Unsung heroes shine as millionaire sees another side

Secret Millionaire Simrin Choudhrie, 29
Secret Millionaire Simrin Choudhrie, 29
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THREE Sheffield charities can plan for the future with confidence after being handed a total of £245,000 by the Secret Millionaire.

TV viewers this week saw Indian heiress Simrin Choudhrie give bumper cheques to the St Wilfrid’s Centre for homeless and other vulnerable people, Rainbow’s End, a charity shop and meeting place for local people, asylum seekers and refugees in Burngreave, and Lost Chord, which brightens the life of dementia sufferers with music.

The Channel 4 programme followed a familiar course of a wealthy individual having their eyes opened by volunteering to work alongside unsung heroes in a part of Britain they would normally steer well clear of – and Simrin was welcomed to Burngreave by a taxi driver who told her: “It’s like Beirut in the 80s, love.”

The 29-year-old, descended from Indian royalty and married to former Asian Entrepreneur of the Year Bhanu, was temporarily leaving behind life in London that extended to Picassos and Warhols in her art collection and her own butler. Friends toasted her departure with champagne.

So the shock of living in Burngreave could not be understated. Seven months pregnant, her pretence was that she was making a TV programme called Mum’s The Word. Despite taking the cultural, social and economic plunge, she had a security team in the background just in case.

Not that they were seen in action as the businesswoman – she has her own interior design company – was won over by the three charities, and gradually felt at ease in a community that was described as being one of the poorest in the country, with high numbers of immigrants and one in three houses on benefits.

If the locals looked scary, she found that if you smile at them, they smile back, she reported.

The visit resulted in three hefty donations. Simrin’s experiences cast a spotlight on the unstinting efforts of three local people who were shown to epitomise that well-worn phrase of making a difference.

St Wilfrid’s Centre was initially given £5,000 for a party for its clients, then a £100,000 cheque was handed to director Kevin Bradley so a shop can be opened that sells goods made by them.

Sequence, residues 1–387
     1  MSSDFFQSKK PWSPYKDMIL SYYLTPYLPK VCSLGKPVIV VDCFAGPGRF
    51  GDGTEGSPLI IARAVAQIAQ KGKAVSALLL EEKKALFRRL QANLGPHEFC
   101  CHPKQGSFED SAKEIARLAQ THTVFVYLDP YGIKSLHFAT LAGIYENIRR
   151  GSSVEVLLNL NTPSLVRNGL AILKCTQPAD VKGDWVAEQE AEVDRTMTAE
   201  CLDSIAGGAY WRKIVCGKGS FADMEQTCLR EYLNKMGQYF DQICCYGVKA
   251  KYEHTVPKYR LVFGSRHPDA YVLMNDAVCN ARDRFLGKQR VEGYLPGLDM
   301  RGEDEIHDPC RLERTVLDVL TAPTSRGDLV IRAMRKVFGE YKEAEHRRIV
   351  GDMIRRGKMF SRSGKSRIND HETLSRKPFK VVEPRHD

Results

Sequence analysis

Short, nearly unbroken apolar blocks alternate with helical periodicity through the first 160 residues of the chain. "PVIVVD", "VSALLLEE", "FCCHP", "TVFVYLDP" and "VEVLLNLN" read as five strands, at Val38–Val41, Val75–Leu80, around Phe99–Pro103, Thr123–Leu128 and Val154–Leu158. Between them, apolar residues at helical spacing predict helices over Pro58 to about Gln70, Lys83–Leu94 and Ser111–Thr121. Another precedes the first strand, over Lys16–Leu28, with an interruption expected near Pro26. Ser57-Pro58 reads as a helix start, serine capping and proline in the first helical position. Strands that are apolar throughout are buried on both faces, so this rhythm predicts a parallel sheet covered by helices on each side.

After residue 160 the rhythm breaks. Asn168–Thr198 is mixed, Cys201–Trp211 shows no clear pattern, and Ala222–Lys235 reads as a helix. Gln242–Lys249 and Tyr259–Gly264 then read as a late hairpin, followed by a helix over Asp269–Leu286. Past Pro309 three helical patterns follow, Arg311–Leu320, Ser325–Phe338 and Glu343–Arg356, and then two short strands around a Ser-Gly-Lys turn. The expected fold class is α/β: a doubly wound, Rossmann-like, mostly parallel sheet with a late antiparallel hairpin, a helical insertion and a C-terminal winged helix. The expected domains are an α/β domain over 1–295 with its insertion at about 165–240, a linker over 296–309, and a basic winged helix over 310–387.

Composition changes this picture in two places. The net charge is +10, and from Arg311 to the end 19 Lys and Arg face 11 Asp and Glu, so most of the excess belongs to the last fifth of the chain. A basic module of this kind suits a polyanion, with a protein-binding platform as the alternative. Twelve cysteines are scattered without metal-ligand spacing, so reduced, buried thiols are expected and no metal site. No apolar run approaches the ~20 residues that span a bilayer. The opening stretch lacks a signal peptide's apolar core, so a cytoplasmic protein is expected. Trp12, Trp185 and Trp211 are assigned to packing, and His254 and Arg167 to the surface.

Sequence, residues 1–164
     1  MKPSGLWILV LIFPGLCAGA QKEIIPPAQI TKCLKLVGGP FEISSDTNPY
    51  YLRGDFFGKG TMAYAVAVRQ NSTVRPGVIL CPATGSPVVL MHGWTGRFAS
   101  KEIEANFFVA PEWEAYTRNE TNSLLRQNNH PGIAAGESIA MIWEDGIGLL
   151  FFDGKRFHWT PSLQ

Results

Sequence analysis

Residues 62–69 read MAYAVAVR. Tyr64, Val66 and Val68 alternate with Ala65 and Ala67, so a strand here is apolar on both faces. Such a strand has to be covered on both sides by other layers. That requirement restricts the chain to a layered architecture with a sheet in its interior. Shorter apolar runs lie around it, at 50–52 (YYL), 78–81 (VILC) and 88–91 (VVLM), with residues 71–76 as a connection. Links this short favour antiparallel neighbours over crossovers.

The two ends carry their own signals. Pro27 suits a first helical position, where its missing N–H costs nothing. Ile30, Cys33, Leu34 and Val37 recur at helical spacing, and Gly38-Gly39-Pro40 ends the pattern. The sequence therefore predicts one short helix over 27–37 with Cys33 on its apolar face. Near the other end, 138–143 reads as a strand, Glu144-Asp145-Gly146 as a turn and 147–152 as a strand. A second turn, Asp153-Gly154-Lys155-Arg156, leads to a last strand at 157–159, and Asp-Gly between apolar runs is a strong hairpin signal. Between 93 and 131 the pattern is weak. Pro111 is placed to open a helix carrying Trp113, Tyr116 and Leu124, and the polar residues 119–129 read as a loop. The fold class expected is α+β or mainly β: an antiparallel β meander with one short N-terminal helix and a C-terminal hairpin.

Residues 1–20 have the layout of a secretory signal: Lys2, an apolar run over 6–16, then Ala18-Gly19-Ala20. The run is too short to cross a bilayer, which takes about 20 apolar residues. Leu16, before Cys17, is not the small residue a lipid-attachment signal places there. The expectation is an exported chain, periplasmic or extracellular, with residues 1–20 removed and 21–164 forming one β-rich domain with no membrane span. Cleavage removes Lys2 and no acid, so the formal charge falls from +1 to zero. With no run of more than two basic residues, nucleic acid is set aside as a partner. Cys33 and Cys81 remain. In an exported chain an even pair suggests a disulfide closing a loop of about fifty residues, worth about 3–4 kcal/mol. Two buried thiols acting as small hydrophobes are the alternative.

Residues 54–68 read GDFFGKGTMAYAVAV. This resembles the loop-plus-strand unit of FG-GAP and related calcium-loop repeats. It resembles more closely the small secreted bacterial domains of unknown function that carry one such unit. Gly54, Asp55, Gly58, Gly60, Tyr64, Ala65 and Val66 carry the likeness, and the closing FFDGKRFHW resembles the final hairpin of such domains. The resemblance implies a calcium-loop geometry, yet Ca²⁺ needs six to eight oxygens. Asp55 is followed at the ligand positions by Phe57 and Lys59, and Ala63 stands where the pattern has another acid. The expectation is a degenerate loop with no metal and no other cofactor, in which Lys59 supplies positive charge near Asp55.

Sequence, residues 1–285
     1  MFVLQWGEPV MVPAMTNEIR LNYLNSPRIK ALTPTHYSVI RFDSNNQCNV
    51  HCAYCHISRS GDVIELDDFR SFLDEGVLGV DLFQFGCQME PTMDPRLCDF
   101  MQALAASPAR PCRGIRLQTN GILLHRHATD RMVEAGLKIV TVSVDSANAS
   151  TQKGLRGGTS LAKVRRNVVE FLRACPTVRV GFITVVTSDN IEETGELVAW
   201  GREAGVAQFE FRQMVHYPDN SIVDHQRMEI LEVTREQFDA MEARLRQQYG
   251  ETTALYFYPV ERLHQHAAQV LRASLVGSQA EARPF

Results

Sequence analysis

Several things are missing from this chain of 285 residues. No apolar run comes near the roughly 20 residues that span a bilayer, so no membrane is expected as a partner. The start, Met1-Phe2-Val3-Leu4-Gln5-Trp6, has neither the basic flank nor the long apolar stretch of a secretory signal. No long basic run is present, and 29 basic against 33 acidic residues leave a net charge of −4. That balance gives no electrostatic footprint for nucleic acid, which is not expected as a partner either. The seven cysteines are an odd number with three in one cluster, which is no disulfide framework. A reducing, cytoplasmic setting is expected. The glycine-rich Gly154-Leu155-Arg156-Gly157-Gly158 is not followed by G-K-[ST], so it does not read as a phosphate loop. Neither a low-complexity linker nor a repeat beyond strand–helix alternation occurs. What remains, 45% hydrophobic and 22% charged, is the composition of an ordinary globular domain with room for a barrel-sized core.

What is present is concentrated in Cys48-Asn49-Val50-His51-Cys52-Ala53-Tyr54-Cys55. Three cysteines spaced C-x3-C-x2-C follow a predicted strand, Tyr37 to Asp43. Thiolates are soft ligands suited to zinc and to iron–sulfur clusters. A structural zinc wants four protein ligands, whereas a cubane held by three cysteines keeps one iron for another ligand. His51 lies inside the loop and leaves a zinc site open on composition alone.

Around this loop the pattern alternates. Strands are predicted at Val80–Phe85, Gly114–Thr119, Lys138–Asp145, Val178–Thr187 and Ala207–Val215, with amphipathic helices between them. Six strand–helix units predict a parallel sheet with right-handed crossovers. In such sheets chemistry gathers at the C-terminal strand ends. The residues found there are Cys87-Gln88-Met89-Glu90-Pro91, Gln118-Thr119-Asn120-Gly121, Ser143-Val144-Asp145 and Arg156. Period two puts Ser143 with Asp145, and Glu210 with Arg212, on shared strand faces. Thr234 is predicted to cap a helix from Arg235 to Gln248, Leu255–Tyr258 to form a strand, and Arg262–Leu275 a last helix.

Simrin, who had helped out in the kitchen and workshops, apologised for the deception. “It’s been the sweetest lie I have been told by the sweetest girl,” responded Kevin, the indefatigable driving force behind the charity he joined 20 years ago.

At Rainbow’s End in Burngreave, Simrin came across manager Yvonne Hayes, who explained that everybody who came into the shop was expected to treat each other with respect, no matter their cultural differences.

“I support Sheffield Wednesday, others support Sheffield United. You just have to disagree,” she explained definitively.

Simrin gave £3,000 so visitors could have a day in York, and then the whammy of £100,000 so Yvonne – “ an almost angelic lady” – could have the office and workshop she had dreamed of.

A trip to Loxley Court Care home in Grimesthorpe offered the other revelation, as professional opera singer Deborah Norman was shown entertaining the residents, who have dementia.

The event was organised by Lost Chord, which provides interactive musical experiences for people struggling with dementia in care homes and day centres across the region and nationally. Simrin saw the difference that the music can make.

Charity chief executive Helena Muller said this week: “You could have knocked me down with a feather when she gave me a cheque for £37,000 – it was unbelievable!” The money will allow an extra 28 homes to be included in Lost Chord’s programme over the next year.

Predictably, perhaps, the millionaire returned to her life of luxury and privilege overwhelmed by the power and generosity of the human spirit.

Simrin’s experiences in Sheffield undoubted made a strong impression. Since then, she has given birth to a son called Kabir and given him a middle name of Wilfrid in recognition of the work being done on Queens Road.

And what tests she encountered with her friends in the north. It was the first time she had cooked a meal for herself and she went with the St Wilfrid’s team to her first football match, at Bramall Lane. Nothing was too big a challenge for the Secret Millionaire.